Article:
A pilot faculty-in-residence program helps students feel at home on campus by connecting them with faculty members outside the classroom.
When new San Jose State students moved into residence halls this semester, they learned that their next-door neighbor might not be another student, but a faculty member—and possibly a dog.
A new faculty-in-residence program launched this fall with nine faculty members who live in the dorms, eat meals with students and plan activities to help them acclimate to university life. A collaboration between Academic Affairs and Student Affairs, the program is one of many initiatives in SJSU’s student success plan that is focused on improving student engagement and advising.
“Transitions are difficult,” says Carolyn Glogoski, faculty-in-residence and associate professor in SJSU’s occupational therapy department. “Professors can seem intimidating, so we want to see if we can develop connections that will help students seek support.”
A 27-year veteran at SJSU, Glogoski says she enjoys connecting with first-year students through the program. She says she was a first-generation student from a working class background, which allows her to relate to many SJSU students. Glogoski and fellow faculty-in-residence Steven Del Chiaro have some help breaking the ice with student neighbors: their dogs.
Cammie, a yellow Labrador, is Glogoski’s trained service dog, and Chiana, a Boerboel/Ridgeback mix, is Del Chiaro’s therapy dog. Both occasionally visit classes with their owners as a teaching tool. And both help to make campus feel more like home as students begin their college careers.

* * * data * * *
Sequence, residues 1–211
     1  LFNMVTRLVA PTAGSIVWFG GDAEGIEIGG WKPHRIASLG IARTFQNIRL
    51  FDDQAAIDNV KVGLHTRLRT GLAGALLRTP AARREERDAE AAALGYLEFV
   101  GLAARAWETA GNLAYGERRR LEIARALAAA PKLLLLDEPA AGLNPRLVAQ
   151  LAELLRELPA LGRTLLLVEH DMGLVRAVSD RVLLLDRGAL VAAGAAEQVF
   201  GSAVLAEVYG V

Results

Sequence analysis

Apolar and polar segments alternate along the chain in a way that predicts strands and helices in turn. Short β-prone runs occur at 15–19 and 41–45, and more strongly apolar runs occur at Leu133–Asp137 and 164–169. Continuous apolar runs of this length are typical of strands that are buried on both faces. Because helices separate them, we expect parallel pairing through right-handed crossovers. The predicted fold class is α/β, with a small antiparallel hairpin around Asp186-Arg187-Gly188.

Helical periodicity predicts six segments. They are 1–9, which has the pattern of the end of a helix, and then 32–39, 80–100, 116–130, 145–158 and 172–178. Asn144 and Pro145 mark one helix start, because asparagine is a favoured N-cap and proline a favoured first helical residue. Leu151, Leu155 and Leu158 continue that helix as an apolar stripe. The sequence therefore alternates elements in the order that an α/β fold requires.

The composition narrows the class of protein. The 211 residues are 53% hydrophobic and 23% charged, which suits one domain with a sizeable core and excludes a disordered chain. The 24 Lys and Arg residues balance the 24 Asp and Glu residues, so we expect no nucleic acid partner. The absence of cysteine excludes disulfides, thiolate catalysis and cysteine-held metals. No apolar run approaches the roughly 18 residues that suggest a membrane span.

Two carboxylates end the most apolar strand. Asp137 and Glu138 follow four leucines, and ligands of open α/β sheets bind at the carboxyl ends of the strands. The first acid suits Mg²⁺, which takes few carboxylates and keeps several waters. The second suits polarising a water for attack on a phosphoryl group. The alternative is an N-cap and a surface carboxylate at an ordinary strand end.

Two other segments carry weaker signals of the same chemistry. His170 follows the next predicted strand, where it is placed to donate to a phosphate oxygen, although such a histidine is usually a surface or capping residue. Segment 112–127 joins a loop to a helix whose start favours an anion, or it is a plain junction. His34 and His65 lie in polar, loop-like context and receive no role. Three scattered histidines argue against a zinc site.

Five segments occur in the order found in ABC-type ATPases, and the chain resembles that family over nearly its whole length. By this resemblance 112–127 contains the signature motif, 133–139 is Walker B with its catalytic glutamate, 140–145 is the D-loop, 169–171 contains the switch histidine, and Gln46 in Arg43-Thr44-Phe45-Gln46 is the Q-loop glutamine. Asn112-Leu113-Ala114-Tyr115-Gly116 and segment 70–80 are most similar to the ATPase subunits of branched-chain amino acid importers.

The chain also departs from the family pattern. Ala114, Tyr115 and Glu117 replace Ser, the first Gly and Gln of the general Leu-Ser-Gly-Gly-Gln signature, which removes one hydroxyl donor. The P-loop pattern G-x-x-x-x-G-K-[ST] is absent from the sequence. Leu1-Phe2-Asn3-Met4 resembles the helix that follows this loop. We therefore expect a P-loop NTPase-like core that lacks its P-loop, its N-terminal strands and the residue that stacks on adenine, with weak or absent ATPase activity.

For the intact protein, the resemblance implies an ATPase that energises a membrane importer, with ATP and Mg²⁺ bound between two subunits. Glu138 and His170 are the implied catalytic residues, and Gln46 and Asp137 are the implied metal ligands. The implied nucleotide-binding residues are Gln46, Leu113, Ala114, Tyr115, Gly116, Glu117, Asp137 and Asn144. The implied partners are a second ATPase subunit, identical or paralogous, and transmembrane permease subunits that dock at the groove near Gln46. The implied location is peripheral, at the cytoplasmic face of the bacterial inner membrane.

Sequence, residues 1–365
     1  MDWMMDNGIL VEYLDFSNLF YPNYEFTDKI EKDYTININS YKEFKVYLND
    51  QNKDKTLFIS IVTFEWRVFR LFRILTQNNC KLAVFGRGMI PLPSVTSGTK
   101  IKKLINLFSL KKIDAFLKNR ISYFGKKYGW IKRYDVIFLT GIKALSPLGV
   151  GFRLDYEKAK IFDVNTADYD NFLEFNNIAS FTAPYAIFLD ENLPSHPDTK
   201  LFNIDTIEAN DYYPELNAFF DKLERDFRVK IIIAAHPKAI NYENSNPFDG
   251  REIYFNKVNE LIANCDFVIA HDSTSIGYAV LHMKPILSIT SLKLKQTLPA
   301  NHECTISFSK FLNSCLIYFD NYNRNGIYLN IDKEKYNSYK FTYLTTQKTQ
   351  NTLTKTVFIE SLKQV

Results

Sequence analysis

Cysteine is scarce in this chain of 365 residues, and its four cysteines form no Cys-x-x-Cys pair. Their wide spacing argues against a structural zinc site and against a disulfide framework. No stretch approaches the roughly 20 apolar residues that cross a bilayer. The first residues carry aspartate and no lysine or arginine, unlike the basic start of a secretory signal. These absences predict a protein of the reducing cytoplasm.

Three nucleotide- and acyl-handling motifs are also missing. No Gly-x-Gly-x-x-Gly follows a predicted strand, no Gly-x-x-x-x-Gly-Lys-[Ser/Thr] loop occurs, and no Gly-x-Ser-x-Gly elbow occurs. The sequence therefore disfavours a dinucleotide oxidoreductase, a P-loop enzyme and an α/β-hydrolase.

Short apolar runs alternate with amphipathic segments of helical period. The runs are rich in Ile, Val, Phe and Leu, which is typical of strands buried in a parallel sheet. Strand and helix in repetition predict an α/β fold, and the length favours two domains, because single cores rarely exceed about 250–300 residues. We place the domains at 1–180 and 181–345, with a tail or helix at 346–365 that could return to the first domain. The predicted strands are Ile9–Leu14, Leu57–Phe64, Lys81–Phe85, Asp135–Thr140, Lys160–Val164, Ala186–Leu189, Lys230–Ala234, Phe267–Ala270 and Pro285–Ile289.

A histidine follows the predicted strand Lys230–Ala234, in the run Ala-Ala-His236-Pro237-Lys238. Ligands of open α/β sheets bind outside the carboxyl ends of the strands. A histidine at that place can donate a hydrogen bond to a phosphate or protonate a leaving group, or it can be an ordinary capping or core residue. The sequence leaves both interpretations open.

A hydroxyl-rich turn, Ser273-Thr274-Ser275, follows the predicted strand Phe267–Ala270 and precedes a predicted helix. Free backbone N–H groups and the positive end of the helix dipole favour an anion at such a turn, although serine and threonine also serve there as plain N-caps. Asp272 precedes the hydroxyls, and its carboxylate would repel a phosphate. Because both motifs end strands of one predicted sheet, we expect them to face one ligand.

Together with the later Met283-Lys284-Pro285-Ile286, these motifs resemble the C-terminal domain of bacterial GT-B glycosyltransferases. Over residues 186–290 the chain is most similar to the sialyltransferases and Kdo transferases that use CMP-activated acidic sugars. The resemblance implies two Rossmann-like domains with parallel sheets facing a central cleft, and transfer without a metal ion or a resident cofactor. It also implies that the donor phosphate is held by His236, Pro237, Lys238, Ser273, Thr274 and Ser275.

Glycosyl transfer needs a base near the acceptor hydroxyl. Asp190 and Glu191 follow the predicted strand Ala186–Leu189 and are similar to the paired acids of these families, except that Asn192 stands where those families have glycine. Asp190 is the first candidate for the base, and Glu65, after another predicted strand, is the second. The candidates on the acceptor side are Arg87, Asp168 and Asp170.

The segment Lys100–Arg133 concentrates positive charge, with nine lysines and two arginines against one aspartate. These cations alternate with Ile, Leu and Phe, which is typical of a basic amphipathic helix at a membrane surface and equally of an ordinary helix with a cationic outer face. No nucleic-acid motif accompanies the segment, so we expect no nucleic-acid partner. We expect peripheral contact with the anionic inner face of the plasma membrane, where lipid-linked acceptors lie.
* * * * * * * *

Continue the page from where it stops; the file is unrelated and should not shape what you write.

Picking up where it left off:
“Professors can seem intimidating, so we want to see if we can develop connections that will help students seek support.”
“We can make faculty members seem more approachable,” says Del Chiaro. “We hope to get students more engaged to help them find their own strengths.”
Del Chiaro is a lecturer in the psychology department who focuses on student and career development. He says his career in higher education started in housing and the faculty-in-residence program will allow him to have one foot in Student Affairs while still teaching. As part of the pilot program, the faculty members work closely with housing staff, specifically resident advisors and residential life coordinators, to develop a mix of social, educational and recreational activities throughout the semester to engage students.
Having Cammie and Chiana at their side certainly doesn’t hurt. “While students were moving in, they were so excited that Cammie would be in the dorms with them,” says Glogoski. “And parents were pleasantly surprised that faculty members would be in the dorms, too.”